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Seven Facts About Buddhism and Reincarnation
1. What is Reincarnation?
The principle of reincarnation is where the soul of a person, or creature, transfers, or transmigrates, to another body after death. This does not need to be instantly; souls may wait many years before being born again into a different body.
2. There is No Soul in Buddhism
In Buddhism, there is no belief in a soul. Just as there is no self and no ego, there is also no unending soul. There is no permanent part of a living being that survives after death. The idea of a self is an imaginary concept, an illusion created by the mind. This is one of the core teachings of Buddhism, the impermanence of the self.
The Lord Buddha taught that it is the wrongful belief in a self that creates many worries, fears and dissatisfactions within life. When the idea of a self is released, people are free from these illusions and can lead a happier, more peaceful and content existence.
All mental activity ends on death. This is why there is no soul. The entity often called the self is really just a stream of consciousness, which creates its identity from memories and external factors.
In Buddhism there is however, a belief in rebirth. As well as the self dying at death, it also renews every moment, meaning that nothing about the self continues from one moment to the next. The whole of creation is always in a constant fluctuating state. This Buddhist belief is known as annica.
Energies within the body have their own power to grow within a new form, independent of the previous form or identity. There is, however, no permanent and unchanging element that continues. Samsara, or the wheel of life, represents the cycle of birth, life and death. When the cycle is complete, it begins again using energies.
Energies are continued by way of Karma. Karma is action, and not, as commonly erroneously believed, fate or destiny. Karma and Vipaka constitute cause and effect; Karma is the action, the cause, and Vipaka is the result or the consequence of Karma. Any actions, words or thoughts that are intentionally created and born from free will are Karma. Involuntary and unconscious actions do not constitute Karma. Karma can be described as the law of moral causation.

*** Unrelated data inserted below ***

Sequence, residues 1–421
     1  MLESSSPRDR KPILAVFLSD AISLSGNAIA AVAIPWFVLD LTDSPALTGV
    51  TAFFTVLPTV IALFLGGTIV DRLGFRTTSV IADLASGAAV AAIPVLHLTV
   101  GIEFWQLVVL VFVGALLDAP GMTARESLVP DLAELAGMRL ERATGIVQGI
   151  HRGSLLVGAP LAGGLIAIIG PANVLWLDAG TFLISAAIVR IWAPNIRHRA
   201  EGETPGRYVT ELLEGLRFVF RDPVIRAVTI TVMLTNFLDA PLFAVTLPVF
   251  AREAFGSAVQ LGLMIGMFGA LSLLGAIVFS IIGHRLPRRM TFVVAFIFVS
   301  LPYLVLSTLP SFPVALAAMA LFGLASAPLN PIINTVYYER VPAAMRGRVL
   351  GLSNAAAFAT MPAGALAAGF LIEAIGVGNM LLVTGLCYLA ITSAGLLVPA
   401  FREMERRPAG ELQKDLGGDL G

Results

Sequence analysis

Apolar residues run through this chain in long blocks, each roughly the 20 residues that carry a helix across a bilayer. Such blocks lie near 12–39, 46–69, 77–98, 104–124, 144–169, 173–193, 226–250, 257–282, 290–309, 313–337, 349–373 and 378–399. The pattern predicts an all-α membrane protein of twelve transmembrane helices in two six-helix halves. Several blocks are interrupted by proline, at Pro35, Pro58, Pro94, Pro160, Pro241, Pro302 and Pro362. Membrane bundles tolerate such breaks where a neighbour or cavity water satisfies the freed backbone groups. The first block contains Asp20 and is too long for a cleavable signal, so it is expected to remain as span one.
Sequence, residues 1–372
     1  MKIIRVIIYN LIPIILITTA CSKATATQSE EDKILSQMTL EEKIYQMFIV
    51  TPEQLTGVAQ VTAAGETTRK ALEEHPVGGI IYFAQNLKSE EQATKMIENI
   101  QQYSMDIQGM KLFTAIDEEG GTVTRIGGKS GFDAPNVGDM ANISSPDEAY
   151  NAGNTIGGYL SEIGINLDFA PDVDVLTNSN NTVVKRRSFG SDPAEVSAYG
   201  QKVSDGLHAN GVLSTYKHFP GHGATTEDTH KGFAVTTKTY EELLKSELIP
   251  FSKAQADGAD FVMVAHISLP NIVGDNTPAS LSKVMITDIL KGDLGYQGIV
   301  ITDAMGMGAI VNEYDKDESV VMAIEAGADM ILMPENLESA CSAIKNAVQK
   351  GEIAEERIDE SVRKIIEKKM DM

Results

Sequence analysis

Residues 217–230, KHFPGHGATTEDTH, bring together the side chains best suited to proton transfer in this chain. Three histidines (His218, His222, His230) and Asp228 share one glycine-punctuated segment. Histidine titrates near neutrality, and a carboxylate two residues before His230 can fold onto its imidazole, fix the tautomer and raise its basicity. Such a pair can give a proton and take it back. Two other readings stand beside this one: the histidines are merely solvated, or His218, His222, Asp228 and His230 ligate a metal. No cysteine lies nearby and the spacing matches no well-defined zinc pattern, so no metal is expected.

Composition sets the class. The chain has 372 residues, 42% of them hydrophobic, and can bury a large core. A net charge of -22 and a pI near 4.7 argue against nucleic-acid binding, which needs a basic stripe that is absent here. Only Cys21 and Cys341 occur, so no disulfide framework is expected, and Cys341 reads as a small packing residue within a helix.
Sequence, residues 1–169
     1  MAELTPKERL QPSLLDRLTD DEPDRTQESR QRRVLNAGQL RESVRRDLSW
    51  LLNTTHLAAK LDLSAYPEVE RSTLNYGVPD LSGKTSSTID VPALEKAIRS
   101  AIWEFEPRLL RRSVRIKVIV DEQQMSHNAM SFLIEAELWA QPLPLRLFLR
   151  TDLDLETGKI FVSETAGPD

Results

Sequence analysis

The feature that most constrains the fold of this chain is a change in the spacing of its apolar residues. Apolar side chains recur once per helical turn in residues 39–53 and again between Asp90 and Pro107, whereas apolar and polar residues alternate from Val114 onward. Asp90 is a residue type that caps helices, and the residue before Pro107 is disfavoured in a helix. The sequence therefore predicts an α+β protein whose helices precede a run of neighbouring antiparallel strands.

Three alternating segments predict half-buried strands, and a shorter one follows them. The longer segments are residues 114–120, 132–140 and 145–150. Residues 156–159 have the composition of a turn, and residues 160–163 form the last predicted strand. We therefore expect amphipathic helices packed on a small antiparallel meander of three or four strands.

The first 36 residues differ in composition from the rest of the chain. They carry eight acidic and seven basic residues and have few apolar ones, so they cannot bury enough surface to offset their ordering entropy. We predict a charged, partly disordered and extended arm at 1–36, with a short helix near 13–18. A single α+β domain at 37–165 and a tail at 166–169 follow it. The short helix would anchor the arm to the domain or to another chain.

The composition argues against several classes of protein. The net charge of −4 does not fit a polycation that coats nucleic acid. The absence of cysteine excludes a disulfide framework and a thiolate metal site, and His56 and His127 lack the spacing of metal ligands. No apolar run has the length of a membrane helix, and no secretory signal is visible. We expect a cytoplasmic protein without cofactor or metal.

There are different types of Karma. Some types, for example Reproductive Karma and Destructive Karma, are powerful enough to span across different lifetimes.
Accumulated Karma, for which Vipaka cannot take effect in the current lifetime, will continue over to the next life. Rebirths will continue until accumulated Karma is accounted for; after all Karma has received its effects, the person can start upon the path to Nirvana. There should be no more Karma, good or bad on this path. When Nirvana is reached, rebirths stop and suffering is ended. In Buddhist beliefs, after death, the karmic energies are either reborn or enter into Nirvana.
5. Where Will the Energies be Reborn?
There are six realms into which a being can be reborn. The realm into which one enters the next life depends upon the Karma accumulated in past lives. The six realms, which are also broken down into sub-realms are those of the gods, demigods, humans, animals, hungry ghosts and the hells.
Meditation is encouraged as a means of identifying the energies within, the self as it is now, in this moment, and recognition of the mental illusion of a permanent self. This is also why Buddhism focuses on living life in the here and now, without regard to the past or the future. All that is real is what is happening now.
7. Remembering Past Lives
It is believed that sometimes it is possible for people to have some recollections of their previous lives, either through meditation or by undergoing a form of hypnosis known as a past life regression.